An Immigration and Customs Enforcement operation to arrest thousands of undocumented immigrants in major cities is scheduled to begin Sunday after it had been postponed by President Donald Trump over two weeks ago, two senior officials with the Department of Homeland Security confirmed to NBC News.
The raids, which are sparking outrage and concern among immigrant advocates and opposition from Democrats, will take place over multiple days and include "collateral" deportations, The New York Times first reported, citing two current and one former homeland security officials who were not named. In those cases, ICE agents might detain people who were not initially targeted, but happened to be there during the raids. The final details of the operation "remain in flux" for security reasons, the report said.
Officials not authorized to discuss the matter publicly also told The Associated Press it's possible the operations could start later.
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Still, activists ramped up efforts to prepare by bolstering know-your-rights pocket guides, circulating information about hotlines and planning public demonstrations. Vigils outside of detention centers were set for Friday, to be followed by protests Saturday in Miami and Chicago.
At least 2,000 immigrant families, including many who face final deportation orders yet remain in the country illegally, are expected to be targeted in the operation, the unnamed officials said.
The raids are expected to target 10 cities that were previously revealed, though some of the cities may change before Sunday, a source told NBC News. Previously named cities were: Atlanta, Baltimore, Chicago, Denver, Houston, Los Angeles, Miami, New York, San Francisco and New Orleans.
In New Orleans, any operations were put on hold due to severe weather. The city tweeted that it confirmed with ICE that enforcement would be suspended through the weekend as the region braced for the first hurricane of the season.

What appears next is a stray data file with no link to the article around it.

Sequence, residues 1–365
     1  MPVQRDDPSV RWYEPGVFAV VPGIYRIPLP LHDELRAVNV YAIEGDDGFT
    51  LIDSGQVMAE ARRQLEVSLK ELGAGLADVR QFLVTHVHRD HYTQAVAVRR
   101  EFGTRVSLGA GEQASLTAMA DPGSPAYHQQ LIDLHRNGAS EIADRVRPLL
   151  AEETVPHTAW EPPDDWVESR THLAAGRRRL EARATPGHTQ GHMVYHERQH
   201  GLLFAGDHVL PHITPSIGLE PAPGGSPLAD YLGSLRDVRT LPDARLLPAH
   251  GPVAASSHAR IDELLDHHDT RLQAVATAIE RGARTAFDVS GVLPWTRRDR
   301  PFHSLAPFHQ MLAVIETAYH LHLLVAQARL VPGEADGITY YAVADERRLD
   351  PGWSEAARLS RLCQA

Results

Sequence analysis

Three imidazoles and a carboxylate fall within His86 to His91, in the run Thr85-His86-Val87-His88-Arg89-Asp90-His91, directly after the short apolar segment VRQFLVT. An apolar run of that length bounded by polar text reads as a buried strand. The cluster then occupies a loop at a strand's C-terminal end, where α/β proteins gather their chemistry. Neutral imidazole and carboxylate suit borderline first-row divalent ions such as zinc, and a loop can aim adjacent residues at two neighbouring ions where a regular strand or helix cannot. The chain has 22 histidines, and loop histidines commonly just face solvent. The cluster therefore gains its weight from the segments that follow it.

"Our communities have been in constant fear," Estela Vara, a Chicago-area organizer said Thursday at a rally outside the city's Immigration and Custom Enforcement offices where some activists chanted "Immigration Not Deportation!"
The American Civil Liberties Union, meanwhile, filed a federal lawsuit in New York on behalf of nonprofit organizations that work with refugees to protect asylum seekers from the operation.
The lawsuit argues that those individuals weren't allowed a fair chance to request asylum and their deportation orders aren't valid. Most of them are from El Salvador, Guatemala and Honduras.
The ACLU alleges "massive bureaucratic errors" led to a failure to send proper notices to appear in court. Thousands were ordered removed without attending hearings.
The ICE operation is similar to ones conducted regularly since 2003 that often produce hundreds of arrests. It is something unusual to target families, as opposed to immigrants with criminal histories, but not unprecedented. The Obama and Trump administrations have targeted families in previous operations.
But this one is notable really because of the politics swirling around it.
Trump announced on Twitter last month that the sweep would mark the beginning of an effort to deport millions of people who are in the country illegally, a near-impossibility given the limited resources of U.S. Immigration and Customs Enforcement, which makes the arrests and carries out deportation orders.
Then he abruptly canceled it on June 22 after a phone call with House Speaker Nancy Pelosi while lawmakers worked to pass a $4.6 billion border aid package.
"At the request of Democrats, I have delayed the Illegal Immigration Removal Process (Deportation) for two weeks to see if the Democrats and Republicans can get together and work out a solution to the Asylum and Loophole problems at the Southern Border," Trump wrote on Twitter at the time. "If not, Deportations start!"